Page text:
BACKGROUND: Cancer patients particularly those with hematological malignancies are at higher risk of affecting by severe coronavirus disease 2019 (COVID-19). Due to the immunocompromised nature of the disease and the immunosuppressive treatments, they are more likely to develop less antibody protection; therefore, we aimed to evaluate the immunogenicity of COVID-19 vaccines in patients with hematological malignancies. METHODS: A comprehensive systematic search was conducted in PubMed, Scopus, and Web of Science databases, as well as Google scholar search engine as of December 10, 2021. Our primary outcomes of interest comprised of estimating the antibody seropositive rate following COVID-19 vaccination in patients with hematological malignancies and to compare it with those who were affected by solid tumors or healthy subjects. The secondary outcomes were to assess the vaccine's immunogenicity based on different treatments, status of the disease, and type of vaccine. After the two-step screening, the data were extracted and the summary measures were calculated using a random-effect model. RESULTS: A total of 82 articles recording 13,804 patients with a diagnosis of malignancy were included in the present review. The seropositive rates in patients with hematological malignancies after first and second vaccine doses were 30.0% (95% confidence interval (95%CI): 11.9-52.0) and 62.3% (95%CI 56.0-68.5), respectively. These patients were less likely to develop antibody response as compared to cases with solid tumors (RR 0.73, 95%CI 0.67-0.79) and healthy subjects (RR 0.62, 95%CI 0.54-0.71) following complete immunization. Chronic lymphocytic leukemia (CLL) patients had the lowest response rate among all subtypes of hematological malignancies (first dose: 22.0%, 95%CI 13.5-31.8 and second dose: 47.8%, 95%CI 41.2-54.4). Besides, anti-CD20 therapies (5.7%, 95%CI 2.0-10.6) and bruton's tyrosine kinase inhibitors (26.8%, 95%CI 16.9-37.8) represented the lowest seropositiveness post first and second doses, respectively. Notably, patients who were in active status of disease showed lower antibody detection rate compared to those on remission status (RR 0.87, 95%CI 0.76-0.99). Furthermore, lower rate of seropositivity was found in patients received BNT162.b2 compared to ones who received mRNA-1273 (RR 0.89, 95%CI 0.79-0.99). CONCLUSION: Our findings highlight the substantially low rate of seroprotection in patients with hematological malignancies with a wide range of rates among disease subgroups and different treatments; further highlighting the fact that booster doses might be acquired for these patients to improve immunity against SARS-CoV-2.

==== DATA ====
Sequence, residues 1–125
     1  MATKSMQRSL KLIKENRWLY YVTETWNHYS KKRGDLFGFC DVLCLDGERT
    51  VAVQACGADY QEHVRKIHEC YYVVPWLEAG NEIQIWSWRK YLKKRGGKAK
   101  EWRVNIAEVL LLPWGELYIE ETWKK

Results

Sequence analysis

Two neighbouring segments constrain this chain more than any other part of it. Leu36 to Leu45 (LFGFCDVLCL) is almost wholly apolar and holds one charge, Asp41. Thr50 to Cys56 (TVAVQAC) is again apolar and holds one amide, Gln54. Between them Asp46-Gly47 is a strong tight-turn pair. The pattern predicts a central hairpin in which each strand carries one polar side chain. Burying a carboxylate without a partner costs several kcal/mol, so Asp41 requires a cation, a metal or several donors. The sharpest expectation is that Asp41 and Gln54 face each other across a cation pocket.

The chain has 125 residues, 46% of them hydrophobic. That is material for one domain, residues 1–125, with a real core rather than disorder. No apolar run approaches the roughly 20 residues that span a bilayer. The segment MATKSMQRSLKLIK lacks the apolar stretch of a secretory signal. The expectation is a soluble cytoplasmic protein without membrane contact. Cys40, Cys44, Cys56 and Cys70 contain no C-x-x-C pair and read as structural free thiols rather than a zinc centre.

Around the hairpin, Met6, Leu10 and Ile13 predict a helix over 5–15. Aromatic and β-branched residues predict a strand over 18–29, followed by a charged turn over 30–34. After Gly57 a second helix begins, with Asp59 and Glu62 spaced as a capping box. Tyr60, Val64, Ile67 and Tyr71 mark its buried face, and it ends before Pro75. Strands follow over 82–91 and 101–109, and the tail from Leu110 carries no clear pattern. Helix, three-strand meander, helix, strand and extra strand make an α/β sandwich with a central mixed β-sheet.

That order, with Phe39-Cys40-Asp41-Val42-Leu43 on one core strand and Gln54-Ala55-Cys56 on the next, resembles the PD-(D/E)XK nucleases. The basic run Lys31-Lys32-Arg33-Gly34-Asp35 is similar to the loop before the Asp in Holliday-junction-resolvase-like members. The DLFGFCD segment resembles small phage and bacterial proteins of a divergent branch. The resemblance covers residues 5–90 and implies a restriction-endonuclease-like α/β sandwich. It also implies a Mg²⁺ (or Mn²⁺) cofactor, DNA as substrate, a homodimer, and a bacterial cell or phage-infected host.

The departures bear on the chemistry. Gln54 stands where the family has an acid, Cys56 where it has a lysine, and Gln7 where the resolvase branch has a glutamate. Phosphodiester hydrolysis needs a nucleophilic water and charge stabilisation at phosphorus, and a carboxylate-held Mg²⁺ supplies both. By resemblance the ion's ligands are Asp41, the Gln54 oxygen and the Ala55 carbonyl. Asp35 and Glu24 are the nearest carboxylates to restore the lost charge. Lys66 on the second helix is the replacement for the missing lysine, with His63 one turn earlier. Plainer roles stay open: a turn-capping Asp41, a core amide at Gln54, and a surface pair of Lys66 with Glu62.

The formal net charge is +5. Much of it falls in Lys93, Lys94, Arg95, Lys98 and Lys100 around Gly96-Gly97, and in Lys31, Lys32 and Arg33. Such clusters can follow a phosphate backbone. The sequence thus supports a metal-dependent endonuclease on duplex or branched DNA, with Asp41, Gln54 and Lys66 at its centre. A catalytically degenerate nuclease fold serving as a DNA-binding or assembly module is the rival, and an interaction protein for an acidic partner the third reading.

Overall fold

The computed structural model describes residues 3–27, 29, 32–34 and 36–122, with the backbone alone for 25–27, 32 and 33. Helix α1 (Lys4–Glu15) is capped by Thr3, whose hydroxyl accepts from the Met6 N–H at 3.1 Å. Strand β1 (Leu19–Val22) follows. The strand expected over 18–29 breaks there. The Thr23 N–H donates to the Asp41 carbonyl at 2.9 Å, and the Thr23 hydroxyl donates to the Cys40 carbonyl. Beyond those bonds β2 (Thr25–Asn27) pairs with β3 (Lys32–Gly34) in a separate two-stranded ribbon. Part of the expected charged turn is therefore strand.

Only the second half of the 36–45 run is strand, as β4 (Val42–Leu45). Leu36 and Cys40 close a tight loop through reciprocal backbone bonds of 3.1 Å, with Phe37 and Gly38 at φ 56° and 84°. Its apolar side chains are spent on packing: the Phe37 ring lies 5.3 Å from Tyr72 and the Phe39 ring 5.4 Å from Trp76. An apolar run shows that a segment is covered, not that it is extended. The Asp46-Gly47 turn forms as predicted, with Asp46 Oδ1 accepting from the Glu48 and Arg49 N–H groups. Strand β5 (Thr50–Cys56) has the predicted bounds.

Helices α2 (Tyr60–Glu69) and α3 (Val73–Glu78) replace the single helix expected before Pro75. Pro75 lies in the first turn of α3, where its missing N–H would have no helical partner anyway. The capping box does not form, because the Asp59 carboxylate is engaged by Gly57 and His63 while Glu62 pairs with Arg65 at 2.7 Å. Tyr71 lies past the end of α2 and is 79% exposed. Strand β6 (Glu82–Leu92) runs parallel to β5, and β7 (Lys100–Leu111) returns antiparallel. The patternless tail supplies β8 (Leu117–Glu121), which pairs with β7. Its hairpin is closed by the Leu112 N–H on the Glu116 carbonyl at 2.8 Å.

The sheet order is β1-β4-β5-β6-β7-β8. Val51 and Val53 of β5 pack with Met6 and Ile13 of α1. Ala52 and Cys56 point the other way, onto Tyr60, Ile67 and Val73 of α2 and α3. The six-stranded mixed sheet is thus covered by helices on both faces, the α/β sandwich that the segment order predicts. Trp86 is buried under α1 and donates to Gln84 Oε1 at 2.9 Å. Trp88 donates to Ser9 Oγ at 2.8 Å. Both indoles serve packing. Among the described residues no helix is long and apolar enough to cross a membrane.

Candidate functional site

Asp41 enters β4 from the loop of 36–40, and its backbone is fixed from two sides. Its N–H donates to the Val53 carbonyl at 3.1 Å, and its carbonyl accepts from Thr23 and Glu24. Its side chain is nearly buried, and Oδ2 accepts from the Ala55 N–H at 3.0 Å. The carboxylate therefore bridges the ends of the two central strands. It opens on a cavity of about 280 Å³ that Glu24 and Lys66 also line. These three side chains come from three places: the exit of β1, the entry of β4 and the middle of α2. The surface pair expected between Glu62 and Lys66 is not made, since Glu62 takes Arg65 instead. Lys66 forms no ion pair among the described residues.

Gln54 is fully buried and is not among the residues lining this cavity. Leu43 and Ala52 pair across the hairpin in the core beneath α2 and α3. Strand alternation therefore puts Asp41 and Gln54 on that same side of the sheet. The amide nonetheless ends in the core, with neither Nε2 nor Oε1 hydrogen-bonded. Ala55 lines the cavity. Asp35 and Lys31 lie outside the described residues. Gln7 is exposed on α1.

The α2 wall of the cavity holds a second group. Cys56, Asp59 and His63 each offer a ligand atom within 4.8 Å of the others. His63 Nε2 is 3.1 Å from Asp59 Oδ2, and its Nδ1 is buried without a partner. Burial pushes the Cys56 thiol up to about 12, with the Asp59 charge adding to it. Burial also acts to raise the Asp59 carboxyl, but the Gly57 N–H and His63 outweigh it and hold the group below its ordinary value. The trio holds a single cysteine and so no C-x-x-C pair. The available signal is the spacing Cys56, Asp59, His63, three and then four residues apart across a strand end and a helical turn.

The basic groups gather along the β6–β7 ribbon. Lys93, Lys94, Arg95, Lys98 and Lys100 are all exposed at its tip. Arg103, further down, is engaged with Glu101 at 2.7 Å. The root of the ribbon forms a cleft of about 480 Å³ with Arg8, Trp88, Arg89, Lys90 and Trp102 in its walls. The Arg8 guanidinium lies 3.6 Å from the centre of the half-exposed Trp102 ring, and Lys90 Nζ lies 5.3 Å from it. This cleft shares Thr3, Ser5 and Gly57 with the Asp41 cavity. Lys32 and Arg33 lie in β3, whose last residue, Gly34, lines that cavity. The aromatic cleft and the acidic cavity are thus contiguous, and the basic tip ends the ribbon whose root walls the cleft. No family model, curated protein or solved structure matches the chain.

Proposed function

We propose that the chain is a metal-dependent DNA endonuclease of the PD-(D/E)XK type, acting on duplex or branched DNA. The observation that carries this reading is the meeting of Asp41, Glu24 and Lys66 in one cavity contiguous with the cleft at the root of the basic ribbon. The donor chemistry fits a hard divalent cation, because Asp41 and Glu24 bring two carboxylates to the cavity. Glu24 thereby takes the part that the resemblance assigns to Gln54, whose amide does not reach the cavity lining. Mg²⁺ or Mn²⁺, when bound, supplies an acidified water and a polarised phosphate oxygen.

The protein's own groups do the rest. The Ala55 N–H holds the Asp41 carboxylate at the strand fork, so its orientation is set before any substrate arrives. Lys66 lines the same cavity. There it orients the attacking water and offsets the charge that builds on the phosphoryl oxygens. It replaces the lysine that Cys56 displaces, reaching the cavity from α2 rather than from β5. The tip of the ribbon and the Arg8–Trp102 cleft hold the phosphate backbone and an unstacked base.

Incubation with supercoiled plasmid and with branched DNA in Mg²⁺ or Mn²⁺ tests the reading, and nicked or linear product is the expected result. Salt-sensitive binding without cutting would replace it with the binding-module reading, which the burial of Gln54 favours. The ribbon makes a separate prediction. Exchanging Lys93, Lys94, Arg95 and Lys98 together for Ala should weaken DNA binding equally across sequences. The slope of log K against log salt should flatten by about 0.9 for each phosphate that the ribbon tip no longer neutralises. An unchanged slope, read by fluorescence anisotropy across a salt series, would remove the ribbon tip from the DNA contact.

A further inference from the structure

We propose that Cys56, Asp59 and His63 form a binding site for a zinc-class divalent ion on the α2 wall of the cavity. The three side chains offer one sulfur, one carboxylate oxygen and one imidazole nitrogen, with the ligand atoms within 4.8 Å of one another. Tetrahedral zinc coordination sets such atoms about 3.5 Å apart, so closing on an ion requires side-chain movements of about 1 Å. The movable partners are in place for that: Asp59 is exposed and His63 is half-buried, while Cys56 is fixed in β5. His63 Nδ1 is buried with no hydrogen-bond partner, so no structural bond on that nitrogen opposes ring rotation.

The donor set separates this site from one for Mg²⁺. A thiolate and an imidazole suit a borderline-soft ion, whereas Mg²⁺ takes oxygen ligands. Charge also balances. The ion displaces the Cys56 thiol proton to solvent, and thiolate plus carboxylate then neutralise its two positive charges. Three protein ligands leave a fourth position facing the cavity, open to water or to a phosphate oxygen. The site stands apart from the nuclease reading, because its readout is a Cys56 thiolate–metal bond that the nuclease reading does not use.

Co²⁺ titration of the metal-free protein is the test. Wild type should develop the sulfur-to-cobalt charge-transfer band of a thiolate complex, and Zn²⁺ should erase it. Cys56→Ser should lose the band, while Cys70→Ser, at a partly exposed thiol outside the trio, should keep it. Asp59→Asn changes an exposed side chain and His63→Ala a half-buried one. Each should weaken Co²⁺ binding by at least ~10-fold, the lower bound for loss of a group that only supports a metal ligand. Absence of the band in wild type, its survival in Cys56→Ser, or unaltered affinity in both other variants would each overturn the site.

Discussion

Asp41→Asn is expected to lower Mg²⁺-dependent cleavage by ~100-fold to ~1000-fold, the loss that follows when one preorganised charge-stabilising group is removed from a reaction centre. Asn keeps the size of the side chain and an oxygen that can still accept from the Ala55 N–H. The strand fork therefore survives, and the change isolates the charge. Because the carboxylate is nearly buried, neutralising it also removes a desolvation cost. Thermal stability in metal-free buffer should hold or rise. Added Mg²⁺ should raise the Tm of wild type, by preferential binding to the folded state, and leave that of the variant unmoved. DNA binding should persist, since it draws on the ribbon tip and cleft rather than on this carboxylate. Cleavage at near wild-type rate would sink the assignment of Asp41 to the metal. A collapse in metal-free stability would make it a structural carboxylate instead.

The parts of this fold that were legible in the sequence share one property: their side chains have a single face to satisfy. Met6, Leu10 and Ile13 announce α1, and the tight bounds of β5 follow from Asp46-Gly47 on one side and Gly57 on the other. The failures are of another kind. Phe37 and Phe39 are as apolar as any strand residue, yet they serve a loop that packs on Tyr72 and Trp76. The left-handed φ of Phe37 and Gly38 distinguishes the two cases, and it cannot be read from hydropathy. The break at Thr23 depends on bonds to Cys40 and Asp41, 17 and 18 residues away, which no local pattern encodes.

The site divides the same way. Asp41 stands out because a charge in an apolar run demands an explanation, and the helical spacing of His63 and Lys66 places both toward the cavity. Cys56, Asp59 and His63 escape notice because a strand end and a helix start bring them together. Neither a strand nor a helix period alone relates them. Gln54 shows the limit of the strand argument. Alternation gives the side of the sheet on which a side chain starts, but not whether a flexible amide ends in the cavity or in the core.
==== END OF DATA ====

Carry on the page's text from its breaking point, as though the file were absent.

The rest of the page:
- Older adults